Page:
Marketing Implementation of AI - Low to High Involvement Framework

How Companies are Using AI Marketing – A Framework

Marketing Implementation of AI using the Low to High Involvement Framework


Artificial intelligence (AI) has only recently been feasible to implement within business. While the term was originally coined by Dartmouth math professor John McCarthy in 1950, technological limitations made AI largely useless for many years. The initial spur of research done on artificial intelligence gave way to a period named the “AI Winter” during the 1970’s.

Now, a myriad of factors has contributed to AI becoming feasible for business use. Rapid innovation in graphics processing units (GPUs), lowered costs for computing technologies, increased access to massive amounts of data, and a heightened level of interest amongst companies and investors across many industries have led to galvanization of AI’s potential.

For a perspective of the rate of progress, the recent excitement around AI has resulted in $27 billion in venture funding going toward AI startups (3X more in 2017 compared to 2016). Of this, the marketing industry has received the fourth most funding.

Marketing implementation of AI varies widely. AI can be implemented within an organization at a basic level for retargeting ad campaigns, and it can be implemented at a complex level with robust customer relationship management systems (CRMs) and omnichannel integration.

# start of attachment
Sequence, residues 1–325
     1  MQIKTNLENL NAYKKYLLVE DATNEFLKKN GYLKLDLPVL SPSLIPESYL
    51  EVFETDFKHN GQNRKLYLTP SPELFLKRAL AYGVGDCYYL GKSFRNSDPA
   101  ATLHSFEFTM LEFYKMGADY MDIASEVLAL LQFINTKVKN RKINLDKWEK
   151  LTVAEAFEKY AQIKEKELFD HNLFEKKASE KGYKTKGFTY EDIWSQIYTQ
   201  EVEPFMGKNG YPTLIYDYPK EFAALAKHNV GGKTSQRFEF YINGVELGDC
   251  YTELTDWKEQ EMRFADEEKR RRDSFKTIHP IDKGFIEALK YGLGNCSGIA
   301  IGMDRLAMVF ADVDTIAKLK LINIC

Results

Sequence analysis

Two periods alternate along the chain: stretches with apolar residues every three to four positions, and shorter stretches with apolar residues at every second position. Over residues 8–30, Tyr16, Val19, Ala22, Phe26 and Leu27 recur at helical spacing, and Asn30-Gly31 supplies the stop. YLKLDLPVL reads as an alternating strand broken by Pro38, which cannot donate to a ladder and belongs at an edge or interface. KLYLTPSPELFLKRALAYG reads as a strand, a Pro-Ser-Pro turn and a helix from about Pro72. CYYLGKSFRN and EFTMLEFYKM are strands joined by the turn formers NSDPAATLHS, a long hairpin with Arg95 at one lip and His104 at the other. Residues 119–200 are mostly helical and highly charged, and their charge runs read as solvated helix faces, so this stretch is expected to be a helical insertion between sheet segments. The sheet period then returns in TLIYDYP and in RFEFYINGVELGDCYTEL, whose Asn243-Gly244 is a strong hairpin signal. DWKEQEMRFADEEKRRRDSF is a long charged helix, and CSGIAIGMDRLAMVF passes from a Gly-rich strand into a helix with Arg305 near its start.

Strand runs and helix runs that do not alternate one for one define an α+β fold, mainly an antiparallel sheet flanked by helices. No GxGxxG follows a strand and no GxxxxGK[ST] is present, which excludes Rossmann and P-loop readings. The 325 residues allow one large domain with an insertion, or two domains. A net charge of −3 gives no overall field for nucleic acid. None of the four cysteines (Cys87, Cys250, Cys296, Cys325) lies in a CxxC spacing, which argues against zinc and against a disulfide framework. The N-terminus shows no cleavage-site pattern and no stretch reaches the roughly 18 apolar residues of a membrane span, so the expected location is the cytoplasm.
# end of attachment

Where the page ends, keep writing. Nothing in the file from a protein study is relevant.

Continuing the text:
As such, understanding the current state of artificial intelligence in marketing can be tricky. Part of my undergrad honors thesis research led to me creating a scale to understand marketing implementation of AI better.


The Involvement Framework

for analyzing marketing implementation of artificial intelligence.


Marketing Implementation of AI - Low to High Involvement Framework James Cannella Honors Thesis


A key factor for differentiating the various degrees of marketing implementation of AI is what I termed “involvement.” The level of involvement that an application of AI exhibits reveals key details of how it’s integrated into the company.


Resource involvement: the amount of resources required to implement the AI. Low involvement entails low resources required, whereas high involvement entails a high amount of financial requirements. Similarly, low involvement solutions require less data or make use of collective pools of data, but high involvement solutions typically require large amounts of proprietary company data.


Labor involvement: the labor requirements for implementing the AI. Low involvement AI solutions can be used by entry-level employees, but high involvement AI solutions require experts to implement and manage the systems. Hiring top-quality AI talent is both difficult and expensive at the moment, creating a barrier to entry for smaller companies.


Business involvement: the degree to which the AI plays a critical role in the day-to-day and high-level business operations. Low involvement AI offers a limited competitive advantage and is not a determinant factor in the brand’s value proposition. Contrastingly, high involvement AI is deeply rooted in the brand’s core product or service offerings.

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